Ravitz was looking for a suitable touring replacement for moving wash lights and saw the genius radiating from the WildSun. WildSun 500C was provided with a four-color LED source that produced a tungsten effect sought after by many lighting designers. WildSun 500C was a wash light in the true sense and its optical zoom system was selected for its ability to emulate a Fresnel-type beam. With 37 RGBW 13-watt LED emitters, the WildSun 500C was fitted with an active cooling system using heat transfer fluid with phase change, allowing for heavy use under extreme conditions. The fixture’s independently controllable central LED and rings could generate a multitude of graphic effects. Ravitz judiciously chose WildSun 500C for Bruce Springsteen and the E Street Band on their 18-month Wrecking Ball world tour. This proved to be the springboard that led to a second phase for Ayrton.

Eurovision image by Ralph Larmann

‡‡         Phase 2 (2010 to 2016)

With the admiration of an industry-leading designer like Ravitz and a few dollars in the bank, Péard was able to take the risks that he knew he had to take. This gave him the time and the confidence to release his imagination. Industry-changing fixtures such as the RollaPix, MagicPanel 602, and new ‘Radical’ range fixtures like MagicBlade R, the award-winning MagicDot R (Live Design Product of the Year Award 2016), and the MagicRing R9 came from this phase. These fixtures — unimaginable before the LED revolution — started scorching the stages and burning up DMX channels like no fixtures before them. (The MagicRing R9 is possibly the first moving head fixture to take up 260 channels of DMX!) The infinite tilt, pixel mapping ability and video capability of these fixtures contributed to the LED revolution and quickly gained worldwide acclaim.

This meteoric fame quickly generated lookalike fixtures in the industry that shared the capabilities but lacked the innovation of the original. Soon the market was flooded with cheaper, less robust versions of the most popular Ayrton fixtures. Péard was forced to push the envelope further and further at a dizzying pace. His passion for extremes culminated in the DreamPanel Twin, a hybrid luminaire with the MagicPanel on one side and the DreamPanel Shift on the other.

Capable of continuous rotation on the pan and tilt axes, the DreamPanel Twin could alternate between displaying video content and 3D volumetric lighting effects. The 6 mm pitch of the video side offered the perfect balance of definition required to display video media on stage with overall system brightness. The MagicPanel side had improved resolution with its eight-by-eight matrix featuring patented 45 mm diameter collimators that could obtain a full 6° angle and center-beam luminous intensity of over 73 candela per lumen, a record achievement. Lighting and video were integrated into one fixture as Péard found a way to combine his passions into a single fixture. The industry was excited to see the masterpiece, but the fixture was difficult to integrate and tour, and demand did not rival the successes of the previous fixtures.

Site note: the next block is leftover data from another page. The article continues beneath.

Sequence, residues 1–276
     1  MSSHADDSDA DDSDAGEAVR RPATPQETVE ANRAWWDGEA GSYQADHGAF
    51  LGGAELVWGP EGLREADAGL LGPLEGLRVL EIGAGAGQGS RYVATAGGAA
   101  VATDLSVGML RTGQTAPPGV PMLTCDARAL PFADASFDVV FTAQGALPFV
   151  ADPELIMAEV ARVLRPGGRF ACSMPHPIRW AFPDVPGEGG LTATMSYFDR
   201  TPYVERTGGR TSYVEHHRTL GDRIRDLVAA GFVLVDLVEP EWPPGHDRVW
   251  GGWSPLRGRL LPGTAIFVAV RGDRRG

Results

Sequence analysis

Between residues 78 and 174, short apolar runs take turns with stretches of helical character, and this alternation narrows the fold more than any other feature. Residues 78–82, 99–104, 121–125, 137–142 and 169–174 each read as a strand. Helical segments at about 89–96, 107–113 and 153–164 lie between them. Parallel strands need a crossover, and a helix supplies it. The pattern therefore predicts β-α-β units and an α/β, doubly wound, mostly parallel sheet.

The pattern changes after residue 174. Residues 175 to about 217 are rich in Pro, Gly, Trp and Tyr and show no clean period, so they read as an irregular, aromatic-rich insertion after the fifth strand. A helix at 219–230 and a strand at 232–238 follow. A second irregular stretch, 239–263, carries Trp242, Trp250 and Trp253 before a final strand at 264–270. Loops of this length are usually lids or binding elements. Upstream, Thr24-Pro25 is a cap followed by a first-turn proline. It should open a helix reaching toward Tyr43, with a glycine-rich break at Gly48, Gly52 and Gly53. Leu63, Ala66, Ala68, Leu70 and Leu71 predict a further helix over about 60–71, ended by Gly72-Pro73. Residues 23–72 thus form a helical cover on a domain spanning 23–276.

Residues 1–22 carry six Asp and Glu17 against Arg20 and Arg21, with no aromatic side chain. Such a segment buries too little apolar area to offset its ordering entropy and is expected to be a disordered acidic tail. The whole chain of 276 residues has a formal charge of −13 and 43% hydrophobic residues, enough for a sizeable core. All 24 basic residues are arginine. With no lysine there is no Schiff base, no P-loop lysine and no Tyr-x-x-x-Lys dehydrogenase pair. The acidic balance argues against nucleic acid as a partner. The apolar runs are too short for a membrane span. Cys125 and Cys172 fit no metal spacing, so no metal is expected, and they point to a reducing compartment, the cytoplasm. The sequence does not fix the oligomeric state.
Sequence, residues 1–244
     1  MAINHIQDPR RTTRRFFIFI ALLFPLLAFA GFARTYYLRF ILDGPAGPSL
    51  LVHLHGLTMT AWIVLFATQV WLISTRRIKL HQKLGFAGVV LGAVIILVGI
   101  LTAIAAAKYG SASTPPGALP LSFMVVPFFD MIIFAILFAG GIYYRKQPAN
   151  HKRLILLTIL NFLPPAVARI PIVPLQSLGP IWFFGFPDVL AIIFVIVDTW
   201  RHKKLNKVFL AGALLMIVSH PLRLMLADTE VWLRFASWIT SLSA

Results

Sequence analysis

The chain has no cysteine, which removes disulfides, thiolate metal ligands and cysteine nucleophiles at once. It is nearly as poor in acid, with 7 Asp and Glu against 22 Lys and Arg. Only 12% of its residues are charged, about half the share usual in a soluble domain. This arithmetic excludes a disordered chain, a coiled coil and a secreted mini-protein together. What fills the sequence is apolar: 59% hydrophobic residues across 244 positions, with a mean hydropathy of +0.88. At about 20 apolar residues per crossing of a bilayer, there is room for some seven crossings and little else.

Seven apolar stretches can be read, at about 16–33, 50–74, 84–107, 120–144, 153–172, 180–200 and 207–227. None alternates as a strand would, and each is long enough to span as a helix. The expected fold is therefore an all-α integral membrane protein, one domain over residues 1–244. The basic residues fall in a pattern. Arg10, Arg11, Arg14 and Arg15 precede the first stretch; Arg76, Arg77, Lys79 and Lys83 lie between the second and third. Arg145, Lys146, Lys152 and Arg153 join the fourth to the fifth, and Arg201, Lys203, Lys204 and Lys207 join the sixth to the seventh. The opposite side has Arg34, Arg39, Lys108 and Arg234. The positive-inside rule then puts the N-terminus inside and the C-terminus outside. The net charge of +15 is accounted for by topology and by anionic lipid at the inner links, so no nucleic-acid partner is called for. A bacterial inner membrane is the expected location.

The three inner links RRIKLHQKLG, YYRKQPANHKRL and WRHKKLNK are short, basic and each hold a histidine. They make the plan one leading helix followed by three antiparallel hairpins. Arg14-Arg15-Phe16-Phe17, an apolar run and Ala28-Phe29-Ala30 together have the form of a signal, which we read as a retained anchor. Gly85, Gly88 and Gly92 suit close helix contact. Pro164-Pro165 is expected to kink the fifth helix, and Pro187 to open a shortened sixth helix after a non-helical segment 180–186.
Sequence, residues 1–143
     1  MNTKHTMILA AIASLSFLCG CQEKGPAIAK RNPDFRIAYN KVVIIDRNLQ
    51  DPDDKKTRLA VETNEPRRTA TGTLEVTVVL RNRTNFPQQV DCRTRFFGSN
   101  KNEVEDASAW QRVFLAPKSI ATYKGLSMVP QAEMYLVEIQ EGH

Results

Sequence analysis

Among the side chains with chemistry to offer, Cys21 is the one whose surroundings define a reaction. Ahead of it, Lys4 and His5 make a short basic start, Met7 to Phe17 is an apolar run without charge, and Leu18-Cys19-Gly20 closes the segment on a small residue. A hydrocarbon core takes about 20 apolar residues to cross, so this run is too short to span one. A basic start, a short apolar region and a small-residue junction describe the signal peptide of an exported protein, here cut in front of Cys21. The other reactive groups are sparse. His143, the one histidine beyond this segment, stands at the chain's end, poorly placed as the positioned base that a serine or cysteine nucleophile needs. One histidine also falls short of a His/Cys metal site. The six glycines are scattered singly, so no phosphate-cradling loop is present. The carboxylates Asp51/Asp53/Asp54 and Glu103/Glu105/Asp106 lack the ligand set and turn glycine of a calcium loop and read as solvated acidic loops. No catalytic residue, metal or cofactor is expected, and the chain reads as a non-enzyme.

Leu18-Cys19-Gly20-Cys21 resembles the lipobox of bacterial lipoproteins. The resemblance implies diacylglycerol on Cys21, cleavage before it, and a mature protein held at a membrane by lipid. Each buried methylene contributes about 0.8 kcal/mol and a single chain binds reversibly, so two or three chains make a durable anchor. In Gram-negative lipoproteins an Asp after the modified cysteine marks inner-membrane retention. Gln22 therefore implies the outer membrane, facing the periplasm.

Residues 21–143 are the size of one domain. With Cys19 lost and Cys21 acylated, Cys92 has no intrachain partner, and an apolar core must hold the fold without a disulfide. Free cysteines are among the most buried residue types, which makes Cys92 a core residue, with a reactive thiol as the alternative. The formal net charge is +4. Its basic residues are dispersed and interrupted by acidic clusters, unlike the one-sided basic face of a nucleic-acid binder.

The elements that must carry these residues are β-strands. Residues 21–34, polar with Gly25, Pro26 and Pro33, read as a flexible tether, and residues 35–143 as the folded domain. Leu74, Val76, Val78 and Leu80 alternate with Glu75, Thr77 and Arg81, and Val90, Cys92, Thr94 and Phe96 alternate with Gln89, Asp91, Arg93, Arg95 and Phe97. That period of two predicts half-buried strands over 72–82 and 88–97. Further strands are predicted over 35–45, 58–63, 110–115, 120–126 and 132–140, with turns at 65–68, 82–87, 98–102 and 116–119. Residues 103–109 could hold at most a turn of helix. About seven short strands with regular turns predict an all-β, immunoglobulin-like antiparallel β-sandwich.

The innovations and refinements continued to come with the arrival of the likes of the MagicDot-R, the first professional moving head LED luminaire with a single optical collimator; and MagicPanel-FX and MagicBlade-FX, both of which sported a revolutionary optical zoom that expanded the creative possibilities of 3D volumetric effects.

MagicBurst, the first high-powered graphic LED strobe with the now-famous Ayrton continuous rotation on pan and tilt, was also an award-winner in this era, receiving the coveted PIPA Award 2017 at Prolight+Sound, in Frankfurt. “The balance of our system was based on our ability to innovate and offer special optics that did not exist on the market,” says Péard. “When we entered the market, we were about a year ahead of our competitors. It was magic, and it allowed Ayrton to excite and be recognized all over the world.”